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Does Google take action on automatically generated pages that provide no added value?

Does Google take action on automatically generated pages that provide no added value? - answered by Matt Cutts

Matt's answer:

Today’s question comes all the way from the Netherlands. Walter wants to know, what does Google do against sites that have a script that automatically picks up search queries and makes a page about it? For example, you Google [risks of drinking caffeine], and end up at a page “we have no articles for drinking caffeine” with lots of ads. OK. So it’s a bad user experience. And the way that you’ve asked the question, we are absolutely willing to take action against those sites. So we have rules in our guidelines about auto-generated pages that add very little value. And I have put out in the past specific calls for sites where you search for a product, a VCR, or a laptop or whatever, and you think you’re going to get a review. And then you land there, and the very first thing you see is “zero reviews found for blah, blah.” So if you’re a search engine, you should disallow pretty much all web search results from being crawled anyway, because that’s just auto generated stuff. Users really don’t like to do a search and then land somewhere that’s just more search results. They get irritated, annoyed, complain to us, send in spam reports. So if you see something like that, do feel free to send a spam report in. If you’re a webmaster for a site that has search results, I would usually prune out the search results, unless there’s something really unusual, something that says, OK, this is a different corpus, where it’s not web search. This is some data that nobody else in the world has, something like that. And certainly, make sure that if you have zero results found, just go ahead and block those pages. Because that’s really not helpful for someone who’s trying to do research. So we are willing to take action on those, because we do consider them a violation of our guidelines. And if you see any like that, feel free to report it on the webmaster forum, or do a spam report, send a tweet to me. Because it’s not a good user experience. And we hate it when we see stuff like that, as well, just because it slows things down. It gums up the works. And it’s not a good user experience. So thanks for asking about that.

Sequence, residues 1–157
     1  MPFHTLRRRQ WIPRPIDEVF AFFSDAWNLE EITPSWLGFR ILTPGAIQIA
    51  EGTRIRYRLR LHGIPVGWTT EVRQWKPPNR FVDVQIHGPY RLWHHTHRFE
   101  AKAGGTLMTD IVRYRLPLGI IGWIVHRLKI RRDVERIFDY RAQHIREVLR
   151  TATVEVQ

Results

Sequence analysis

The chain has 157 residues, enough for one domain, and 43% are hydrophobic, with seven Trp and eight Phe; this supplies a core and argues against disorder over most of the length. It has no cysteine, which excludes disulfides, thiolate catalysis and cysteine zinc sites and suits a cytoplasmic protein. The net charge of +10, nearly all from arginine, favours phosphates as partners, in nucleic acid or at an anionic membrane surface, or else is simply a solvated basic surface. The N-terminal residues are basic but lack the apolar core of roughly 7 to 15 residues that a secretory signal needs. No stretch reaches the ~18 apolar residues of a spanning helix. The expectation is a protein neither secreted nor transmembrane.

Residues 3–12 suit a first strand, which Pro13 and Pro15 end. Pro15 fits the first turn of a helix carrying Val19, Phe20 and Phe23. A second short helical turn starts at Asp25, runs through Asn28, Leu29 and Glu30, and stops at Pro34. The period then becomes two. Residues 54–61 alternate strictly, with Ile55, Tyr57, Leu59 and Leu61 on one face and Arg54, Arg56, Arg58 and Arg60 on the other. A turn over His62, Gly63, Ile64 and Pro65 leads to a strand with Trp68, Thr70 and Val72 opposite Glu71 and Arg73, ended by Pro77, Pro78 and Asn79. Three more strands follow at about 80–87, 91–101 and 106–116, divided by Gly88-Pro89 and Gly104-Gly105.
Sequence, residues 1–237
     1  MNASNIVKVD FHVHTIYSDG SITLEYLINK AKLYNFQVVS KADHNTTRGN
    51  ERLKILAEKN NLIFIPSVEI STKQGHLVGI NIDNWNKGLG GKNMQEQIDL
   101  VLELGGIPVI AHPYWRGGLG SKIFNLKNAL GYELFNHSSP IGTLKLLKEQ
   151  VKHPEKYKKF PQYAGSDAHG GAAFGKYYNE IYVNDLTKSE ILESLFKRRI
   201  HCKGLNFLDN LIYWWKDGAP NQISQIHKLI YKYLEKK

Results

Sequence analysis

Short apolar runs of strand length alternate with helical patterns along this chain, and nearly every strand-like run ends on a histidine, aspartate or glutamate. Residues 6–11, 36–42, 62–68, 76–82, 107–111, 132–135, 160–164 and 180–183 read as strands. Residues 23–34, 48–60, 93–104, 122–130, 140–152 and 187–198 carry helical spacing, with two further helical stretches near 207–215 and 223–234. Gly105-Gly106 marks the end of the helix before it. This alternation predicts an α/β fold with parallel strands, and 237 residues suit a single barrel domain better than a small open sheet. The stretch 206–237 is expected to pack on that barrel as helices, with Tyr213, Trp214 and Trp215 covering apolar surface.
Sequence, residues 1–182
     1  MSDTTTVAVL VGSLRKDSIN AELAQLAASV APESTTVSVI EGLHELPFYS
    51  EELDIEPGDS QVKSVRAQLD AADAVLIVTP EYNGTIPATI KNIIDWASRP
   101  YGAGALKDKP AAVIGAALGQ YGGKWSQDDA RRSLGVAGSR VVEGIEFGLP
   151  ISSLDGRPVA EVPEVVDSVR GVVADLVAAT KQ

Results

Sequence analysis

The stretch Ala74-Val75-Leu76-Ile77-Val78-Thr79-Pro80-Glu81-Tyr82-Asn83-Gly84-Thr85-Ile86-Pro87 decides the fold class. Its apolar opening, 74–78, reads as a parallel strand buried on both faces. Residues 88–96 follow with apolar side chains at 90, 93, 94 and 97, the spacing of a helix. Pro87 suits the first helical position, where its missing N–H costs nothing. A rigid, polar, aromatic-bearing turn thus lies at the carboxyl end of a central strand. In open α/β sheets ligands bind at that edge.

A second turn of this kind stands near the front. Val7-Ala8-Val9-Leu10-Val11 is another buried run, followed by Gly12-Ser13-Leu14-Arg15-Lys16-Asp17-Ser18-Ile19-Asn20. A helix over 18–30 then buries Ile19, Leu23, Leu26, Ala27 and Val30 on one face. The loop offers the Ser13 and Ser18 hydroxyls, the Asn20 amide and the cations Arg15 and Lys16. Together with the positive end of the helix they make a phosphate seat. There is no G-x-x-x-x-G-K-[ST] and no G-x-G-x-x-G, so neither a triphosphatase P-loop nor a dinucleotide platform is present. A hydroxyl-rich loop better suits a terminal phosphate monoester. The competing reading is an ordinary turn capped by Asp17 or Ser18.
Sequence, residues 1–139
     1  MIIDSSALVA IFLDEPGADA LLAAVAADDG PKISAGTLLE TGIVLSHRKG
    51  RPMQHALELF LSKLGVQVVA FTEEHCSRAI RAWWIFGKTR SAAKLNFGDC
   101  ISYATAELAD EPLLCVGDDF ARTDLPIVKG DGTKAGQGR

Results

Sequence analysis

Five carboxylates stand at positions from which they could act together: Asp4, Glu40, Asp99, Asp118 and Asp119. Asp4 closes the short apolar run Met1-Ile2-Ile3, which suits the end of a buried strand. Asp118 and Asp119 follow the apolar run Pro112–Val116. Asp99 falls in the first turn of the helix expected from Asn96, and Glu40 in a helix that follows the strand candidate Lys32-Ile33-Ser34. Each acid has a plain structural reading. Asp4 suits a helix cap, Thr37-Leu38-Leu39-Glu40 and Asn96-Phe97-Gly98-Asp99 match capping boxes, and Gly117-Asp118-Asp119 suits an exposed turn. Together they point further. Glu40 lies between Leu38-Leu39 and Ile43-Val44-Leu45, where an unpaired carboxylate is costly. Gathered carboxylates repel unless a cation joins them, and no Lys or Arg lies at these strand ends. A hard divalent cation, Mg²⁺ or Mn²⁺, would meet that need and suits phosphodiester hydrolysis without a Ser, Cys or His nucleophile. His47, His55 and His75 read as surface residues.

by Matt Cutts - Google's Head of Search Quality Team


Original video: